Take the 2-minute tour ×
Mathematics Stack Exchange is a question and answer site for people studying math at any level and professionals in related fields. It's 100% free, no registration required.

I have a question regarding a sum.

Is the following expression finite and can be calculated?

$$\lim_{a\to\infty}\frac{1}{a}\sum_{b=0}^a \left(\frac{b}{a}\right)^2$$

Could I also approximate the sum by an integral since the upper index grows to infinity like

$$\lim_{a\to\infty}\int_{b=0}^a~db \frac{b^2}{a^3}$$ which would be $<\infty$?

share|improve this question
add comment

5 Answers

up vote 2 down vote accepted

You want the limit $$\lim_{n\to +\infty}\sum_{k=0}^{n} \frac{k^2}{n^3}$$ When you have sums of the form $\sum_{k=0}^nf(k,n)$ and want to test convergence or even compute them a good idea is to use the definition of Riemann Integrals. Choose your favorite partition of the simplest set you can imagine, mine happens to be \begin{equation}\mathcal{P}=\left\{ 0=x_0<x_1<...<\frac{i}{n}<...<x_n=1 \right\}\end{equation} of $[0,1]$. Now we must choose our function $f:[0,1]\to \mathbb{R}$ wisely so that $$U_{f,\mathcal{P}}=\sum_{k=1}^n\frac{k^2}{n^3}$$ But \begin{equation}U_{f,\mathcal{P}}=\sum\limits_{i=1}^{n}{M_i(f)\left( x_i-x_{i-1} \right)}=\sum\limits_{i=1}^{n}\frac{\sup_{x\in [x_{{i-1}},x_i]}f(x)}n \end{equation} If we choose an increasing function this simplifies to $$\sum_{k=1}^n\frac{k^2}{n^3}=\sum_{k=1}^{n}\frac{f(x_k)}n$$ Matching the terms gives $$f(x_k)=\frac{k^2}{n^2}$$ Now because $x_k=\frac{k}{n}$ it makes sense to substitute $k=nx$ and get the formula for $f$. Doing that yields $$ f(x)=\frac{x^2n^2}{n^2}=x^2$$ That's how you can come up with $f$. The rest can be found in the other answers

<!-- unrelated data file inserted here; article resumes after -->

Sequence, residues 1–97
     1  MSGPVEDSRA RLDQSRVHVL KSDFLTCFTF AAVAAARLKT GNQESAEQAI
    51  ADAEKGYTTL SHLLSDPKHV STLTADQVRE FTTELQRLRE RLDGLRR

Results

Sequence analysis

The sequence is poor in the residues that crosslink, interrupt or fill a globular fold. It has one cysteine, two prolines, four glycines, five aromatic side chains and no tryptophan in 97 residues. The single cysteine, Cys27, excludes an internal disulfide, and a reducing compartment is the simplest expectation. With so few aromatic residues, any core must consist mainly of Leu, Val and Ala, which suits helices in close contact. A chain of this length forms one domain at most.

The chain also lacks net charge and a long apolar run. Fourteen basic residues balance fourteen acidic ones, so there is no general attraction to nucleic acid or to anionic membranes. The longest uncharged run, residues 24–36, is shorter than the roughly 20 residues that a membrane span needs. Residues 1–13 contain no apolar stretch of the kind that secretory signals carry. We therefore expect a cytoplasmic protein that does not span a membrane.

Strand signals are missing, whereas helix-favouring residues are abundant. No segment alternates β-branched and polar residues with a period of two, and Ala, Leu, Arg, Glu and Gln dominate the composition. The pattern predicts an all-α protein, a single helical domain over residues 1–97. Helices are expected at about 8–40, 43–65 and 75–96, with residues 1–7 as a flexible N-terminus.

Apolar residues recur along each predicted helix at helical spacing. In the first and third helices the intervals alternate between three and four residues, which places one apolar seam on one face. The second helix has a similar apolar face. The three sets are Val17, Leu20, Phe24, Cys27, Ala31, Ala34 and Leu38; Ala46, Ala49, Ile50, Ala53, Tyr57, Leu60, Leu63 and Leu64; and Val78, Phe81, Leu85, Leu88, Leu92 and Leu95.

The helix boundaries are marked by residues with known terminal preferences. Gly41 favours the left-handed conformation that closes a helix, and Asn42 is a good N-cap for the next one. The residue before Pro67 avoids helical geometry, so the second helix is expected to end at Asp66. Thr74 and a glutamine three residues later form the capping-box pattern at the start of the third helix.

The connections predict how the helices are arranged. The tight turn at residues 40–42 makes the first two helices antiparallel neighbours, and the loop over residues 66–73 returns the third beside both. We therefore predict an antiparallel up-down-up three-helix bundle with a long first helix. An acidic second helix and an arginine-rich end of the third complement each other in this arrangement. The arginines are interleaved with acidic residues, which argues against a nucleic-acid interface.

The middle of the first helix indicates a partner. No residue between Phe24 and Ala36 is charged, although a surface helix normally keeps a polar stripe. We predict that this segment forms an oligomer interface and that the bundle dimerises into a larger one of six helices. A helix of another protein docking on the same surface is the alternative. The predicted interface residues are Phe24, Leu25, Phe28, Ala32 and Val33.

share|improve this answer
add comment

We have that $$\lim_{a\to\infty}\left(\frac{1}{a}\sum_{b=0}^a\bigg(\frac{b}{a}\bigg)^2\right)=\lim_{a\to\infty}\left(\frac{1}{a^3}\sum_{b=0}^ab^2\right)=\lim_{a\to\infty}\left(\frac{1}{a^3}\cdot\frac{2a^3+3a^2+a}{6}\right)=\lim_{a\to\infty}\left(\frac{1}{3}+\frac{1}{2a}+\frac{1}{6a^2}\right)=\frac{1}{3}$$

share|improve this answer
add comment

Hint: Use Riemann sum of an integral of the function $f(x)=x^2$ on the interval $[0,1]$.

share|improve this answer
add comment

Let us change a little the symbols used to something a little more conventional:

$$\frac{1}{n}\sum_{k=0}^n\left(\frac{k}{n}\right)^2\xrightarrow [n\to\infty]{}\int_0^1x^2\,dx$$

share|improve this answer
add comment

The Riemann Sum for $f(x)=x^2$ on the interval $[0,1]$ is $$\lim_{N\to\infty}\sum_{i=0}^Nf\left(x_i\right)\cdot\frac{1}{N}=\lim_{N\to\infty}\frac{1}{N}\sum_{i=0}^N\left(\frac{i}{N}\right)^2.$$ Do you notice any similarities? Do you see how to calculate it from here?

share|improve this answer
add comment

Your Answer

 
discard

By posting your answer, you agree to the privacy policy and terms of service.

Not the answer you're looking for? Browse other questions tagged or ask your own question.